Video tutorials help navigate Maryland General Assembly website

Ana Hogan loves problem-solving. And as a member of the Maryland General Assembly’s Information Systems Office at the Department of Legislative Services, she’s had her hands full over the past year.

Long before anyone ever heard of the coronavirus, Hogan — no relation to Maryland Gov. Larry Hogan — was hard at work on an overhaul of the Maryland General Assembly’s website.

Hogan and her team developed eight video tutorials designed to help the public do everything from track a piece of legislation to sign up to testify before a committee in Annapolis.

With the 90-day legislative session already underway, but no public access to the state house complex, Hogan said it’s more important than ever for the public to have a way to find out how to navigate the legislative process.

“It was important to make sure that witnesses could sign up from the website, that people can see the hearings go live,” Hogan said, adding that it was critical that people feel they can get real time information on the issues that matter to them.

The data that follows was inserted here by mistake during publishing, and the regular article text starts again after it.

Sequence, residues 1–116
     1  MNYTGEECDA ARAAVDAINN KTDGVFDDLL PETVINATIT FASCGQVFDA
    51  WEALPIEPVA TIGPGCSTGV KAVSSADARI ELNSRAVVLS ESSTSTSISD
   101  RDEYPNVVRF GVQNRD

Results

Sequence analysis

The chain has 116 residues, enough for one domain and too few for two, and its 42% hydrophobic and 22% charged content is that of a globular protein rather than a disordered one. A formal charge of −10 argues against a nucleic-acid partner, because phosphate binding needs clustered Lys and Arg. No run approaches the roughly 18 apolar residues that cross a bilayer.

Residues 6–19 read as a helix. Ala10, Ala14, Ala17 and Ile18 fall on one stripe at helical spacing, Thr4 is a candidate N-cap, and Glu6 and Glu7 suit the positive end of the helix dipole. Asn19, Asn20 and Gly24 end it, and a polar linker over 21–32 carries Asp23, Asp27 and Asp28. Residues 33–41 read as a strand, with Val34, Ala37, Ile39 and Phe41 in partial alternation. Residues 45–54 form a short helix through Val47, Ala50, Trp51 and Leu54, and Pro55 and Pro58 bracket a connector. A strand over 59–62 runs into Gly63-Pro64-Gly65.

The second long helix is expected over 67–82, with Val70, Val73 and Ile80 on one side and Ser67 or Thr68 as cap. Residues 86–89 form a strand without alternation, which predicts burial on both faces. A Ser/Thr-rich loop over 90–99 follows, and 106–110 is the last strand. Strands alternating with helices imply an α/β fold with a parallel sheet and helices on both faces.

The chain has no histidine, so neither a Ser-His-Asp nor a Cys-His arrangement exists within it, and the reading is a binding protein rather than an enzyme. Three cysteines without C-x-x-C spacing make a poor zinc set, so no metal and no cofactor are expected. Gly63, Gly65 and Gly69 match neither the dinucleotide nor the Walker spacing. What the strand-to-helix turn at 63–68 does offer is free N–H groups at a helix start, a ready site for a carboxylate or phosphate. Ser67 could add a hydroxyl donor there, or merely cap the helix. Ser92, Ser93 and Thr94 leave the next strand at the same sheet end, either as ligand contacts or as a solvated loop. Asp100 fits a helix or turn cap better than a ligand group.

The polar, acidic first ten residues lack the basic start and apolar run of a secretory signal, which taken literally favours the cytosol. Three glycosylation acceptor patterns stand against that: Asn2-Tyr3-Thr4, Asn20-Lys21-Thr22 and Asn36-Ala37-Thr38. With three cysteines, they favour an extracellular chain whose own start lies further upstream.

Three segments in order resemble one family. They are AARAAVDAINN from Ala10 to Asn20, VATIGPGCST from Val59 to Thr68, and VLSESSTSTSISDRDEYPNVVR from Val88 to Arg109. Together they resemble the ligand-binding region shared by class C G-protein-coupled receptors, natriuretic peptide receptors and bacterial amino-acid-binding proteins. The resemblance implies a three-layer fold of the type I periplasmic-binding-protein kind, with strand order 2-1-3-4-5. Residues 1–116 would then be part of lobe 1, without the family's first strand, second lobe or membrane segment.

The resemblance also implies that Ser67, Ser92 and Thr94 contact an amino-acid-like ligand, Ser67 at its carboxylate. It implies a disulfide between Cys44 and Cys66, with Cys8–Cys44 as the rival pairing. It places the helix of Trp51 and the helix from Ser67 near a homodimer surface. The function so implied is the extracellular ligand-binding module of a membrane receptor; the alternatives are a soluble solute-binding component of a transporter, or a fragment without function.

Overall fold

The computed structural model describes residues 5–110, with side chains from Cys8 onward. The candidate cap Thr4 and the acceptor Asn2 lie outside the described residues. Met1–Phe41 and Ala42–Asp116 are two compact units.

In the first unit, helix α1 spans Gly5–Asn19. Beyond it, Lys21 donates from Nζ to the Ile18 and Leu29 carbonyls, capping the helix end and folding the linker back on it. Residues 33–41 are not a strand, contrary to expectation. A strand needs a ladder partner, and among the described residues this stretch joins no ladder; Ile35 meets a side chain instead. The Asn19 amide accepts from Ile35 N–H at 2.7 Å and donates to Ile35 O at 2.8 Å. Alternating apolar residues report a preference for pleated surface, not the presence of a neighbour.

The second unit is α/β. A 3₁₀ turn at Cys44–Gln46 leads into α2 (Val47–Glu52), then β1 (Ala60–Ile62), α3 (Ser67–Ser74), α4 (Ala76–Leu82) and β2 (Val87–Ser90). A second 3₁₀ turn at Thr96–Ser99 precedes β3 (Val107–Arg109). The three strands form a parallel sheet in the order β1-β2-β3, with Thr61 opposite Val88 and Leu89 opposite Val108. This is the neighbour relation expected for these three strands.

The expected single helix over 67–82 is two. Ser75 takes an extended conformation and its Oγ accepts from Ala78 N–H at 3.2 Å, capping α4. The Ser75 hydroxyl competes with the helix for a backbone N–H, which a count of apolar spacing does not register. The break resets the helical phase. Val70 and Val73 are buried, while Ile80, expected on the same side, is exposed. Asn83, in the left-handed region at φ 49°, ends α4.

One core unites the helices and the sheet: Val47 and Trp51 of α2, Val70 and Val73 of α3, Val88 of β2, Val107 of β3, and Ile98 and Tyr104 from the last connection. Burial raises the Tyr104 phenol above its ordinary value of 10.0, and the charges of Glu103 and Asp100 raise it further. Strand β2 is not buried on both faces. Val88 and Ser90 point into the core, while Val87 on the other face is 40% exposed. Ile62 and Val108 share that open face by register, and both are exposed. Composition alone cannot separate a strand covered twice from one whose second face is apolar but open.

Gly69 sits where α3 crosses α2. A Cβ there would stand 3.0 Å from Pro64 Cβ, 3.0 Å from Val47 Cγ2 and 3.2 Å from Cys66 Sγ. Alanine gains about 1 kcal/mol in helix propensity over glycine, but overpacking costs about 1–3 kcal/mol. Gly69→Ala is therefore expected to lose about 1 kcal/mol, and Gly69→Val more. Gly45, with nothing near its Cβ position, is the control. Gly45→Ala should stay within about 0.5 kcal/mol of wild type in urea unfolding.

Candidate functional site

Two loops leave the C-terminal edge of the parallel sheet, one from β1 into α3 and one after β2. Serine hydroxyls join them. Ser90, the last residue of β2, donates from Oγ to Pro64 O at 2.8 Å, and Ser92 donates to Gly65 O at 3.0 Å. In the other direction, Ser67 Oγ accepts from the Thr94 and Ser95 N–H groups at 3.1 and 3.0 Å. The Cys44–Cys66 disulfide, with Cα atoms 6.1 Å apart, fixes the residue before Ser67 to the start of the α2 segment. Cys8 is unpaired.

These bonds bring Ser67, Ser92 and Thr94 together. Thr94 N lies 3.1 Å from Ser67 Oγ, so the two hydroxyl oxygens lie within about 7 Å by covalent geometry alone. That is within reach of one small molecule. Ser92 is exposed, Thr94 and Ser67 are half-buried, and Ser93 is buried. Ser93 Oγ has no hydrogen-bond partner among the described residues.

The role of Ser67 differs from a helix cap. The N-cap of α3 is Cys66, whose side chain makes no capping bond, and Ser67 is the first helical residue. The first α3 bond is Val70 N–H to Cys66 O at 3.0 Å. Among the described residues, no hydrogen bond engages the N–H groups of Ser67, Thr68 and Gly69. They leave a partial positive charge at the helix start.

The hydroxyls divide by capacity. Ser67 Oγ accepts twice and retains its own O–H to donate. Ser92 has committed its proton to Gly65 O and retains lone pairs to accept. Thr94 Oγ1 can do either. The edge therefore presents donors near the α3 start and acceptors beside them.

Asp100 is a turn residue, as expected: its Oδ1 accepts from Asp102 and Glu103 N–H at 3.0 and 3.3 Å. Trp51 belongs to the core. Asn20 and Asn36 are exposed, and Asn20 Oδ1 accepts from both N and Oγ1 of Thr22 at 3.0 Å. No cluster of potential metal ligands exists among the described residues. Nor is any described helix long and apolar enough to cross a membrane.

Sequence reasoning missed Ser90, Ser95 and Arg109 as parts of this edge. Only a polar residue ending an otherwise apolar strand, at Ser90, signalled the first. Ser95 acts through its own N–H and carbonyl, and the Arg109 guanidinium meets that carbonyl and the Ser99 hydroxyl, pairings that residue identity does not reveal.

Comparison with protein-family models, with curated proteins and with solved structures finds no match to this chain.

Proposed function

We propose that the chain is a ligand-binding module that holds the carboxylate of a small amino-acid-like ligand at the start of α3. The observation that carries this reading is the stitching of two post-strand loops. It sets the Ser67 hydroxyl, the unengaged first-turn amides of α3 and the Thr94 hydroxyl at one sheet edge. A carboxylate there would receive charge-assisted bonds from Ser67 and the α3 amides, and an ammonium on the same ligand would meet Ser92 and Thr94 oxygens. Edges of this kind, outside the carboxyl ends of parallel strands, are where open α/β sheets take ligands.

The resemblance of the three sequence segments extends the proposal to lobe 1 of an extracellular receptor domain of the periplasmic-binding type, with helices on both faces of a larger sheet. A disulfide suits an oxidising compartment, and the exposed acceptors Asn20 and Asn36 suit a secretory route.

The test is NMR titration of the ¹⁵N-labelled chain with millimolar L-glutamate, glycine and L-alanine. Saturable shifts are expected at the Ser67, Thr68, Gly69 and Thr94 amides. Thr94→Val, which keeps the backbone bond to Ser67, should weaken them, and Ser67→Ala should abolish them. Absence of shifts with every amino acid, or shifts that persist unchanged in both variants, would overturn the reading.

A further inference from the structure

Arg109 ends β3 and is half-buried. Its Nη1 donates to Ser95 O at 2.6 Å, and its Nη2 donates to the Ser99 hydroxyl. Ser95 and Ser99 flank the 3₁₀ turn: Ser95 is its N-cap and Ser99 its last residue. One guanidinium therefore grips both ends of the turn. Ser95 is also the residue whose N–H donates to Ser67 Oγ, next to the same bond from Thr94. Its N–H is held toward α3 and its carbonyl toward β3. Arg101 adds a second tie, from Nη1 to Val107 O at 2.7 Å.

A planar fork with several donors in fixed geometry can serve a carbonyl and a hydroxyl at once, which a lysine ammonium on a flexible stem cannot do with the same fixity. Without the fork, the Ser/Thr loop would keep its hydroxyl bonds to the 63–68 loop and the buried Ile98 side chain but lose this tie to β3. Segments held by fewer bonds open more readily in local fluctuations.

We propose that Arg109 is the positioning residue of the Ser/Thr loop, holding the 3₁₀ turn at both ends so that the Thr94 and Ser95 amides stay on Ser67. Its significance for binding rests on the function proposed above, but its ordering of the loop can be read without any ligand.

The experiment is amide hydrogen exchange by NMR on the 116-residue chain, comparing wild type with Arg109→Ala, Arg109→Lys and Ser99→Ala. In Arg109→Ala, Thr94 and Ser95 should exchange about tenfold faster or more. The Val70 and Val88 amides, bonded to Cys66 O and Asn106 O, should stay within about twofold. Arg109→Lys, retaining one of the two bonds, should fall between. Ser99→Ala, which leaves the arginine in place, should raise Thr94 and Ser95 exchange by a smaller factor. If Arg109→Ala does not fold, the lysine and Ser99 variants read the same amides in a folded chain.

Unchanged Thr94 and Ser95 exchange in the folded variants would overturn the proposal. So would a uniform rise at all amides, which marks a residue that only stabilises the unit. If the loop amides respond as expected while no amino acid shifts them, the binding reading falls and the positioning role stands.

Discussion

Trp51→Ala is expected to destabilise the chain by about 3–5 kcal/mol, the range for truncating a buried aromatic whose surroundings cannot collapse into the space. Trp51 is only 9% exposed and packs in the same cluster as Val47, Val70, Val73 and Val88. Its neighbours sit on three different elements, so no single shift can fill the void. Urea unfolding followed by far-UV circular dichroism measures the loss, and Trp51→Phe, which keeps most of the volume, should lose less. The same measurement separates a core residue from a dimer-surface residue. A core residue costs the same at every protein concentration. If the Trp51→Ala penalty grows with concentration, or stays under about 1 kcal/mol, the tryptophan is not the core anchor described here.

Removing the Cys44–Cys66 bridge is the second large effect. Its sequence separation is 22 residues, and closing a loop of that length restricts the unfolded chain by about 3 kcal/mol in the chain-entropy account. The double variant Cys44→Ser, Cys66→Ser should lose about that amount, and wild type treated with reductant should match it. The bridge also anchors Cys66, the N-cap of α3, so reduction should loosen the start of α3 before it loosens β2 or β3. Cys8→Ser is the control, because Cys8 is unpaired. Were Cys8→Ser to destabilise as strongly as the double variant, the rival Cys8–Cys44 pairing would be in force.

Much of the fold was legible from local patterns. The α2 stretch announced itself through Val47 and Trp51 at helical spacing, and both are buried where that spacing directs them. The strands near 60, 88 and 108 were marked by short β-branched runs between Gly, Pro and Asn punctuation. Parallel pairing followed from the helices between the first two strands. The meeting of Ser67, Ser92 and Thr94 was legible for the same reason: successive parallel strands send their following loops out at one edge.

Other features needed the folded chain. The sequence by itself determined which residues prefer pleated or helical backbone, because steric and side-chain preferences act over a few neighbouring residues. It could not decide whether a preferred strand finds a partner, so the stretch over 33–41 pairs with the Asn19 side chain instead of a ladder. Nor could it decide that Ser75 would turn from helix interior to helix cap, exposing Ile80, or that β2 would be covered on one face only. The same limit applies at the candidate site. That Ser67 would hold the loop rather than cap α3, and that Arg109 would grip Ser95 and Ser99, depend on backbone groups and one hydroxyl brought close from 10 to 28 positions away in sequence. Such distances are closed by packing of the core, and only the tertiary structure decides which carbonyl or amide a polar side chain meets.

Hogan, who narrates the instructional videos, said it was lots of fun to break down the process of navigating the website. She hopes people find it engaging.

“I like to simplify things for people, and I like to help,” she said.

Hogan said she knows that not everyone feels comfortable diving into technology to get their questions answered.

She suggests, “It would be really valuable to sit down with a cup of coffee or eat your lunch and just watch the videos.” It’s useful to just watch each one all the way through, Hogan said, adding that if someone gets stuck during the process, they can always refer back to the videos.

“You can pause them and revisit them; it’s there for everyone,” she said of the information in the videos.

Hogan wasn’t the only one concerned that the public would not know what is going on in Annapolis due to COVID-19 restrictions barring access to the state house.

Maryland state Del. Brian Crosby, a Democrat from St. Mary’s County, also worked with his own staff to generate how-to videos posted on both his YouTube channel and Facebook page.

“We should be encouraging more people to take advantage of this because more people would be involved in their government,” Crosby said. “That’s what I was trying to do with this video.”

Even without the public’s presence for the hundreds of committee hearings and floor sessions, everyone working at the state house is “very busy, but everyone is getting through it, and we are very proud” of their work in trying to make government accessible, Hogan said.

Along with enjoying helping people, Hogan likes to spread a positive outlook, even as the pace of lawmaking becomes frenetic in a 90-day window.

“I do believe if people just take a breath” she suggested, everyone will be able to survive the most stressful of moments. Online and offline.

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